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How WellLife Network Staff is working on a better tomorrow

April 18, 2022

In the shadow of Yankee Stadium, just beyond the hustle and bustle that is the 161st subway station in the Bronx, lies one of WellLife Network’s newest residences. Built in 2016, the 165th mixed-use apartment complex stands on a quiet street between a row of private houses. It has a beautiful backyard suitable for summer BBQ’s and plenty of green space. The staff who run the facility keep everything clean and in order. You can tell as soon as you arrive that they take pride in maintaining the property. Its an oasis. A safe haven nestled in the South Bronx.


Clint Nared is the Program Director of the 165th facility. He has worked at WellLife Network for 3 years. Prior to assuming his current role, he was a case manager where he placed people in our resident programs and provide them assistance in obtaining services. When asked what drew him to this role, he told us, “I love helping people, that’s what I do best.”


One of Clint’s top priorities is establishing a sense of community within the building. “I want to get more tenants to attend the monthly building meeting, that would be great,” Clint said, like many buildings the 165th residency holds monthly meetings to hear about any grievances or anything that could be improved.



Every month Clint posts fliers on the 1st floor bulletin board for the monthly building meeting. He also makes it a point to deliver fliers to each of the tenants. “I am trying to get more people to participate, you know that’s how we make decisions, as a community.” Attendance is important for voting and for staying up to date with ongoing developments.


The building has 58 units, housing 38 WellLife residents and 20 individuals from the community who qualify for low-income housing. It was built with state-of-the-art qualities some include self-service garbage disposals, gym rooms, a new laundry room, and even security for the building, these were all included for free for the resident’s use.


Working in the main office on the first-floor, Clint, does his rounds every morning to make sure everything is clean and checks on all the floors for any irregularities. “We make sure the people are getting everything they need, if they need money for groceries or laundry, we loan it to them,” Clint said, “if they need help with doctor’s appointment, making them or getting there we help arrange transportation.” While the program does lend out money when the individuals need it, they also try and encourage the individual to budget their money.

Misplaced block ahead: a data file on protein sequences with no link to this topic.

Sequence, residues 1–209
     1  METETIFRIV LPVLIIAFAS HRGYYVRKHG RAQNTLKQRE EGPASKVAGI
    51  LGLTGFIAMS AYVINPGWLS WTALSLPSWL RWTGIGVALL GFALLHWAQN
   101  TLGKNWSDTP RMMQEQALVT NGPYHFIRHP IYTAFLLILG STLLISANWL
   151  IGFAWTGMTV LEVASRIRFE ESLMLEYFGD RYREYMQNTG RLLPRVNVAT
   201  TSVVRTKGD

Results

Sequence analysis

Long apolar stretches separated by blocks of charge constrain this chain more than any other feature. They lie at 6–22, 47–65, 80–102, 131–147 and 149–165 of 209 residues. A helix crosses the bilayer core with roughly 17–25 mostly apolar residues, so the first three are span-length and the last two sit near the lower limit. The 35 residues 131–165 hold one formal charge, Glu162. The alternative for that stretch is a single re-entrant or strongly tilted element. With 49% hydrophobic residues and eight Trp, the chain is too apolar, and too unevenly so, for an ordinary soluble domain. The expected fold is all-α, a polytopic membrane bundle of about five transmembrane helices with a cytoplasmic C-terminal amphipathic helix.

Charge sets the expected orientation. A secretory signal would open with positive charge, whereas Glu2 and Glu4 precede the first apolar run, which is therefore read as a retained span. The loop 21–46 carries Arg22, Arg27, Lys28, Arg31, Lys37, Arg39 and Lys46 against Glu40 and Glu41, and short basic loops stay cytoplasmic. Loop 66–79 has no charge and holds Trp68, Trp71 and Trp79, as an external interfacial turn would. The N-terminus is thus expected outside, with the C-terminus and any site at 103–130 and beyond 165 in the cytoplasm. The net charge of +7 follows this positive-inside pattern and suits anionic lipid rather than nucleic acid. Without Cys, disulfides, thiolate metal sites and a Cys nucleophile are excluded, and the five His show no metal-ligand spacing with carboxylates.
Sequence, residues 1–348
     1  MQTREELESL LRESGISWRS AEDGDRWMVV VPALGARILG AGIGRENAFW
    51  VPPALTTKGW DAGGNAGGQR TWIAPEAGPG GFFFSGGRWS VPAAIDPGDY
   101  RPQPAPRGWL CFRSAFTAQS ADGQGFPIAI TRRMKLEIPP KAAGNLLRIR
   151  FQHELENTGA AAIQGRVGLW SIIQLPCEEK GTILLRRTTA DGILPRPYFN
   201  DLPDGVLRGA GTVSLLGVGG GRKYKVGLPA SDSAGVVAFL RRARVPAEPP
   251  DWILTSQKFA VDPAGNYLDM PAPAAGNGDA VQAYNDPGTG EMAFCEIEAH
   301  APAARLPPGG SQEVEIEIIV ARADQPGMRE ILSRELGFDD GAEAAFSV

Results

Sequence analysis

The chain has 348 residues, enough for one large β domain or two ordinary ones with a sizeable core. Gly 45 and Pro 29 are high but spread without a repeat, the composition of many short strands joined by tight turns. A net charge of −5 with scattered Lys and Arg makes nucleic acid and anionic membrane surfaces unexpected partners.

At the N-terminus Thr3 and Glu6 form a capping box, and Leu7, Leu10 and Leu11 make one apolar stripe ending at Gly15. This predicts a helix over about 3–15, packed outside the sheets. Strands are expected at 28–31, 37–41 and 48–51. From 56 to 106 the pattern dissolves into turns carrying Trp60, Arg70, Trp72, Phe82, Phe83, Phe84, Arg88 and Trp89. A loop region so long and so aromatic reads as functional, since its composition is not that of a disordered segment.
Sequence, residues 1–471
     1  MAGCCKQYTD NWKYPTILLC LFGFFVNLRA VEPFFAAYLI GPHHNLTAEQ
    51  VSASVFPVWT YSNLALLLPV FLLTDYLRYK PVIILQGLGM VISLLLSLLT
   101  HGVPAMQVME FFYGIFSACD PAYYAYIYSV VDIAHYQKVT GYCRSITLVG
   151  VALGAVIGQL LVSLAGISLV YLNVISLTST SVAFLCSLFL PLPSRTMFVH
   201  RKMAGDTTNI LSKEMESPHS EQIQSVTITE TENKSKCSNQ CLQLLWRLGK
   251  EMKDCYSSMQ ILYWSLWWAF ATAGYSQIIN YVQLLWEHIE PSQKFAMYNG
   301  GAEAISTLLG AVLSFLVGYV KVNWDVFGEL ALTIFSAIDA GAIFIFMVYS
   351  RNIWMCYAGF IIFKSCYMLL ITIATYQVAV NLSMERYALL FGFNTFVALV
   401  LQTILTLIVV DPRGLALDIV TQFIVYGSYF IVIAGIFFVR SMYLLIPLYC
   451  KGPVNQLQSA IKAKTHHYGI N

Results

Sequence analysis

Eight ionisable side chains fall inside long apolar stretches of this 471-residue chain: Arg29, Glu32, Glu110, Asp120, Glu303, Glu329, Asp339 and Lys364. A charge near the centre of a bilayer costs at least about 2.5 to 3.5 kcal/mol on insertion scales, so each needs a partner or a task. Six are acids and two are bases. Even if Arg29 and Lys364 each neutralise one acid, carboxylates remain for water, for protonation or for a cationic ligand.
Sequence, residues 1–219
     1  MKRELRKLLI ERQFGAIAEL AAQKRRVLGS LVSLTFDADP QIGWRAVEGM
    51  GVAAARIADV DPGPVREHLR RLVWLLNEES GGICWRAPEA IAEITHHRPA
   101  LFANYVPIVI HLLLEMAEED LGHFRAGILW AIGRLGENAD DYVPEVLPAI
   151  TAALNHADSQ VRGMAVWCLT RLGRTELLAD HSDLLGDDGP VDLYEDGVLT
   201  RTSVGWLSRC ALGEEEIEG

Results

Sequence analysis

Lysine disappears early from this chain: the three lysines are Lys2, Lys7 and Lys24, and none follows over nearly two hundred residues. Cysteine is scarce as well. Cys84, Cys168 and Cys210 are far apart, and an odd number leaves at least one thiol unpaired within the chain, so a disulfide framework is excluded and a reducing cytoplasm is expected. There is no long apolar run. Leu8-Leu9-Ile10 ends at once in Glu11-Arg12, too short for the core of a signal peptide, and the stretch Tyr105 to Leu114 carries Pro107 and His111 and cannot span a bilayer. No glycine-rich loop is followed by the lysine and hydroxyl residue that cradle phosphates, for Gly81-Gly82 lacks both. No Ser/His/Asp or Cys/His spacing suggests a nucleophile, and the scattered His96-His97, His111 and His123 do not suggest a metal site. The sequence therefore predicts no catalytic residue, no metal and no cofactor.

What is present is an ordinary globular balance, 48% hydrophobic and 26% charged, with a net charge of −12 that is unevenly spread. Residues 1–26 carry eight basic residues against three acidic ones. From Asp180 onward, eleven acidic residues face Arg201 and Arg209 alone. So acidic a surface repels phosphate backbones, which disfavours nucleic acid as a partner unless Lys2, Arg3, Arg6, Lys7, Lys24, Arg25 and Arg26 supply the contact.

Clint works alongside Marilyn and Evelyn, who are both case workers and meet with the tenants as many times as needed, sometimes multiple times a month. “I have definitely seen my fair share of progress from the clients,” Evelyn said, “sometimes it’s good progress and sometimes people have setbacks, but you try to help them out in any way possible.”



Clint and Marylin

Alongside housing support, tenants have access to WellLife’s world class mental health resources. Dr. Max Banilivy, one of WellLife most prominent psychotherapist, is always available to help staff. He advises them on how to deal with difficult situation involving a mentally unwell individual. Residents also receive guidance and support in personal and community living skills and monitoring of their prescribed medications. Individuals are also encouraged to participate in rehabilitation and vocational program activities outside of their residence.


One of the tenants living in the building is Jose. Jose came to the WellLife from a shelter in Brooklyn. “I was homeless before then I was getting bounced around from shelter to shelter. One in Brooklyn then east New York then in queens, until finally my case worker told me to apply to WellLife for a permanent residency and I got it,” Jose said.


As a longtime resident of 165th he has found a way to focus his energy on something creative. He makes 3D models out of crafts some of the models include a full house setup with its own garden and picket fence, wooden barrels, an American fighter plane.





“I get inspiration from what I see outside or on Facebook,” he told me. The Puerto Rican native said he loves to create art, not sell it, with that one can see many pieces created by Jose around the building and some in staff offices.



Every resident has their own, unique story. Staff told us about Rafael, who came to the program without much direction. He was withdrawn and detached at first, but after working with him, our team was able to get him to open up. They found out that Rafael had a lot to offer the world. He wanted to do something positive with his life, but he didn’t know where to start. WellLife connected him with our peer specialist training program. As a Certified Peer Specialists, Rafael was able to help the clients to make informed, independent choices, set goals, and become active participants in the community. He excelled in the program and quickly found a job that he loved.

Recently, Rafael told us about a position with the MTA that he was too nervous to apply for. Our team gave him the confidence to try and helped through the process. We are proud to report that he got the job!


These are just two examples of the important work that is being done by WellLife Network. Our goal is to create a low-income mixed-use housing development which offer supportive, safe and nurturing environments where all tenants feel a sense of cohesion and belonging to a larger community.

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